Innovating your way to better cybersecurity

Issue 1 2022 Information Security

It is estimated that the largest 1000 companies in the world spend US$782 billion[1] on research and development (R&D) – an indication of its importance in the global marketplace.

Edison Mazibuko.

Research from Stanford University highlights the growing cost pressure involved in R&D, with productivity declining by a factor of 41 since the 1930s, working out at around 5% per year. The university translates this into organisations needing to spend considerably more to achieve the same outputs.

Despite the cost implications jumping off the carousel has even worse consequences. Studies from the London School of Economics[2] shows that firms who achieve at least one new product launch per year boost their revenue productivity an estimated 17%, with each new launch adding an extra 22% to their productivity rating. What’s more, the University of Houston found that investing in one’s innovation capacity had a significant impact on both the profitability of firms and their share price – that fact should garner the interest of all business leaders.

Each year, consulting firm PwC conducts an Annual Global CEO Survey[3] with the purpose of understanding which hot-button issues are on the minds of today’s global business leaders. It is reported that over the years, innovation has remained at the forefront of their concerns. This is understandable in light of the number of companies that have entered the market with new disruptive technologies set to upset the apple carts of established businesses, industries and even countries. Media reports abound with stories of agile start-ups upending venerable institutions who failed to remain on the cutting edge of innovation. Innovation wars can leave many companies in their wake.

Part of the problem is that innovation is such a catch-all term that it makes it very difficult to pin down precisely what it means. The reality is that the term can be applied to everything from business models to new processes.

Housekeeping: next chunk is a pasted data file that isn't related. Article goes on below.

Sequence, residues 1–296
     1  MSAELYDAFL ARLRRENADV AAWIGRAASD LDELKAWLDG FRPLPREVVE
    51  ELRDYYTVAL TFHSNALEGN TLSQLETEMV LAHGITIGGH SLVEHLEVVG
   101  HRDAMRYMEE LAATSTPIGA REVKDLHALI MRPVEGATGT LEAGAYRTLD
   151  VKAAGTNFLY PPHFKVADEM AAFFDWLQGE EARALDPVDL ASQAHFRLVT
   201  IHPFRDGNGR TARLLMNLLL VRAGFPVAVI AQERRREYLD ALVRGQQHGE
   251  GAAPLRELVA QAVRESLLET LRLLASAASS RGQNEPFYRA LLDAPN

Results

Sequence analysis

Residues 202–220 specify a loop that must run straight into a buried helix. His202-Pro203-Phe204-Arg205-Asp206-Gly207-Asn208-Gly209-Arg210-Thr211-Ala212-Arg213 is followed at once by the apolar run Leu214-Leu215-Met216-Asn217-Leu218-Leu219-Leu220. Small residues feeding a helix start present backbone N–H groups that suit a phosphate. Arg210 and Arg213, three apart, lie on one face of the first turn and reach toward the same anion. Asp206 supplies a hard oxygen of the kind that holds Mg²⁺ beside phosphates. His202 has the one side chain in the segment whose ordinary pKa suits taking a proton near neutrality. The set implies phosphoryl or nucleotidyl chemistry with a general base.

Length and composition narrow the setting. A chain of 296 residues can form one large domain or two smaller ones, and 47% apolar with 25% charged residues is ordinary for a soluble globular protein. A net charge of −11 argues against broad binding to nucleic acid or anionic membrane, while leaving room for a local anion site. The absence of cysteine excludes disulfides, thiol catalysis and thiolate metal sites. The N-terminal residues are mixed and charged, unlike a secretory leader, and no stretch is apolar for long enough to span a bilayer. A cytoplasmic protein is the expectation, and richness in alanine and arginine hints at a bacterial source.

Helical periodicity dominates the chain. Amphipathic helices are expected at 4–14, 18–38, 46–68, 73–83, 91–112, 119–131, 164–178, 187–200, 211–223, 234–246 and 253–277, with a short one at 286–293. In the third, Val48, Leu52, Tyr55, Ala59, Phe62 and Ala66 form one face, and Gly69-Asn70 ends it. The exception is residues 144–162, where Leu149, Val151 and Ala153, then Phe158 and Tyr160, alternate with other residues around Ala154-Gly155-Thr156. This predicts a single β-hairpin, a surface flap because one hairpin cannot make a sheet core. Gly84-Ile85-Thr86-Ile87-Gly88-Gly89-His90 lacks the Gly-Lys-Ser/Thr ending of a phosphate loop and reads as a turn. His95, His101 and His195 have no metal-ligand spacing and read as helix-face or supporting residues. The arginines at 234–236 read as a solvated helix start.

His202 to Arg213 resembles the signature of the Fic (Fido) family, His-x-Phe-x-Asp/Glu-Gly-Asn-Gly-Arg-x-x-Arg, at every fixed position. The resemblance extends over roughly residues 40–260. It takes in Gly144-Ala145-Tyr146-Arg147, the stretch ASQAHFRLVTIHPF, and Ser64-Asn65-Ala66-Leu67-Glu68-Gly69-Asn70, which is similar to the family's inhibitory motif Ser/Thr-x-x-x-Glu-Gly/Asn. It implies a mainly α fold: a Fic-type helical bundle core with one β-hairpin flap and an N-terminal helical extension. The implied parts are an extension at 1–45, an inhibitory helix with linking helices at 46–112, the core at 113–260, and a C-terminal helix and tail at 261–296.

What has innovation got to do with cybersecurity?

The answer to that is – everything. Just look at the innovation applied by criminals on an annual basis, constantly inventing different ways to gain access to your valuable data and ransom it back to you. They constantly reinvent themselves, their technologies, attack methods – why would you think that if you stand still, you can deal with this incredible rate of innovation?

Deloitte[4] notes that definitions of cybersecurity conjure up ideas of technology and IT, particularly centred around the confidentiality, integrity and availability of data. However, as the pace of digital transformation accelerates, cyber risks will continue to manifest through business operations, product launches and other areas of enterprise. They go on to note that as a result, the definition of cybersecurity in the modern world is increasingly diverse and responsive to new and emerging threats.

These threats can manifest from rapid technological innovation if an holistic view of cyber risk is not included in the innovation process. Basically, what that is saying is that as we innovate and produce incredible new technologies that change our lives and businesses, we also need to look at them critically and assess what risks they bring to the business and how these can be mitigated.

As the 4th industrial revolution gains pace with 5G rollouts and more, business leaders and innovators seek to rapidly mobilise new technologies within the transformation process, with the challenge being rapid rollout with mitigated risk. This goal developed into an urgent imperative as the need to operate remotely hit world businesses in the wake of the pandemic.

Cybersecurity policies and strategies need to be designed to support and now halt or slow, the progress of innovation. New technologies and innovations which understand the importance of cybersecurity are better equipped for long-term success and customer trust.

Deloitte confirms that factoring in cyber risks from the outset often leads to more successful outcomes and lower cost when compared with any post implementation fix or bolt-on. They go on to emphasise that cybersecurity augmented by innovation, can propel us forward to an exciting and digitally-enabled world. I would agree with that statement and with one they also put forward and that by being cyber savvy, you can be confident in taking full advantage of every technological opportunity.

The downside is that without business leader education and awareness programmes on this topic, in conjunction with the mitigation of security risk at a company level, companies miss the opportunity to position themselves for sustainable future transformation through innovation.

In Mazibuko’s second article on the topic of innovation and cybersecurity, he will outline how the combination of these two powerful factors can act as business enablers.





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